Infection and chronic kidney disease

Research output: Contribution to journalReview article

2 Citations (Scopus)

Abstract

Many pathogens are thought to be involved in the development and progression of chronic kidney disease (CKD). The mechanism of kidney damage due to infection includes direct invasion of pathogens and deposition of antigen-antibody complex by immunological reaction. As to renal dysfunction induced by bacterial infection, some cases of poststreptococcal glomerulonephritis present progressive decline of glomerular filtration rate (GFR). Methicillin resistant Staphylococcus aureus (MRSA)-related glomerulonephritis and infectious endocarditis are known to cause acute renal failure, which clinicians often find difficulty in the treatment. Chronic pyelonephritis by repetitive vesicoureteral reflux or nephrolithiasis also cannot be disregarded. Hepatitis B virus (HBV) and hepatitis C virus (HCV) infections are the most recognized etiology of virus associated nephropathy, and the representative histological changes are membranous nephropathy and membranoproliferative glomerulonephritis, respectively. Furthermore, morbidity of human immunodeficiency virus (HIV) associated nephropathy is increasing, reflecting the prolonged survival of HIV-infected patients. Thorough preventive/therapeutic strategies should be taken against these infections for improving clinical outcome.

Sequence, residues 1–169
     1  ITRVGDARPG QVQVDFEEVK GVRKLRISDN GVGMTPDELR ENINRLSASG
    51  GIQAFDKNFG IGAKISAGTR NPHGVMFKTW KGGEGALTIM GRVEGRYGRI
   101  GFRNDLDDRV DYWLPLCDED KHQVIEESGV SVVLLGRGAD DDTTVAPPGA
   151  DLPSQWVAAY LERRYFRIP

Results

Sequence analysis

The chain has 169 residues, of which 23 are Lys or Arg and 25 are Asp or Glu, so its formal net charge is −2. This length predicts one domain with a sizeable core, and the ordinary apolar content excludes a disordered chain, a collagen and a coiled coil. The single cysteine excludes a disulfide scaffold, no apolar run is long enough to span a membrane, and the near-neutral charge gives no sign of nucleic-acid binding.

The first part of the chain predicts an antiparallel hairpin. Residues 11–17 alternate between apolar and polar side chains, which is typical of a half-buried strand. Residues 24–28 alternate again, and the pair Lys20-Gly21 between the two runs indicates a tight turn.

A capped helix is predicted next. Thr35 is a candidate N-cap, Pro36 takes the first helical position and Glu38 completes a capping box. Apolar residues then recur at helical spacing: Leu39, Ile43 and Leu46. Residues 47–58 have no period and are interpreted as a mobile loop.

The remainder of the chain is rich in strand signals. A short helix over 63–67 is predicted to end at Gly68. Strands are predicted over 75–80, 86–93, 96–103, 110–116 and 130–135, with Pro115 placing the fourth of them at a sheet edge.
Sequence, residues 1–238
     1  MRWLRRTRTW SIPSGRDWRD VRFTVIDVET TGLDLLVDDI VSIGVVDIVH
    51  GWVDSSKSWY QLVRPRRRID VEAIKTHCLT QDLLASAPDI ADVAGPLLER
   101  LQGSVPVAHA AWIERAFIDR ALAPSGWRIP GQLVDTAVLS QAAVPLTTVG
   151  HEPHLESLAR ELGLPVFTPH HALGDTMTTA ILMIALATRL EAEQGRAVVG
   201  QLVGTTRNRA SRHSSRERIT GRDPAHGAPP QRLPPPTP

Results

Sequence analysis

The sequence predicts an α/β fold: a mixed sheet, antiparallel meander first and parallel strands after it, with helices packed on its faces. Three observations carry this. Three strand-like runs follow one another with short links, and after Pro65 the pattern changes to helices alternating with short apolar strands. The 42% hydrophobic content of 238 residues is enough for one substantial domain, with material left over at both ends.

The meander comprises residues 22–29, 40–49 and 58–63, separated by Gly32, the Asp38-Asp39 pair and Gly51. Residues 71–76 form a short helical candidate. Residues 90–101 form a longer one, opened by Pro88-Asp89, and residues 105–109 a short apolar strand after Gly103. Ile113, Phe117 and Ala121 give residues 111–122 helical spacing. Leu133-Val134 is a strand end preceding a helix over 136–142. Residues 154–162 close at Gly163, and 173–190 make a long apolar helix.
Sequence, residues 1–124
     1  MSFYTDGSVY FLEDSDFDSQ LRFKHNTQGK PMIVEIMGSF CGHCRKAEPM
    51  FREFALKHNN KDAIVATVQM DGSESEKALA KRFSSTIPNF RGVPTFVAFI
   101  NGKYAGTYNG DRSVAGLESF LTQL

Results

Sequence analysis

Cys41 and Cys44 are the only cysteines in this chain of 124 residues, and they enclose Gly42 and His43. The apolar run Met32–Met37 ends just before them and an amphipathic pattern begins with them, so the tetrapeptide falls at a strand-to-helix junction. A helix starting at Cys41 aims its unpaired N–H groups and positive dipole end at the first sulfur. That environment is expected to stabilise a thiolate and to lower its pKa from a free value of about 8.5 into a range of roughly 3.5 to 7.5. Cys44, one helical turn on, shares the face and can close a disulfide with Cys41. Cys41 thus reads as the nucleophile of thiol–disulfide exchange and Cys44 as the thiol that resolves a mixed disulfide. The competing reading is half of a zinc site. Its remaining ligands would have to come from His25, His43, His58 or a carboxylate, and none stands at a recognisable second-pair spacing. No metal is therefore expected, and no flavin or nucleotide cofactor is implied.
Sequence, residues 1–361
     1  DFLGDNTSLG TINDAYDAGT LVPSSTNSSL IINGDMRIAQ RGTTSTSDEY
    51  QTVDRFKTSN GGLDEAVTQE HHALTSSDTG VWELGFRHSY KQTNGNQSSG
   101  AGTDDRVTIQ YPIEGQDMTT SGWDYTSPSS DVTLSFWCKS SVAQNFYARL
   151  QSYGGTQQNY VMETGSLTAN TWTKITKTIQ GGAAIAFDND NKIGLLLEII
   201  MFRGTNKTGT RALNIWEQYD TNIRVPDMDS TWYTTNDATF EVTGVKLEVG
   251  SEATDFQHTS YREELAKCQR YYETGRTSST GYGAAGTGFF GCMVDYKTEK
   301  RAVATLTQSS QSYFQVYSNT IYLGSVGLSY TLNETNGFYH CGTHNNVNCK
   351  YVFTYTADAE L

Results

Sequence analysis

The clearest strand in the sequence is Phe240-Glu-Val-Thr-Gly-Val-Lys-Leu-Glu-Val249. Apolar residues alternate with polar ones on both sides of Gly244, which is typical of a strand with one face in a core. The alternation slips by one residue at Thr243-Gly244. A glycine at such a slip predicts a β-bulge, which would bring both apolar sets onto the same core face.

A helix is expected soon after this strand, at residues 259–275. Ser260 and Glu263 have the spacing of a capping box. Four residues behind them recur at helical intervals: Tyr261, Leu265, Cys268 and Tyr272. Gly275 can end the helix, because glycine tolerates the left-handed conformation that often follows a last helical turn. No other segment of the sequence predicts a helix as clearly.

Original languageEnglish
Pages (from-to)1794-1798
Number of pages5
JournalNippon rinsho. Japanese journal of clinical medicine
Volume66
Issue number9
Publication statusPublished - Sep 2008

ASJC Scopus subject areas

  • Medicine(all)

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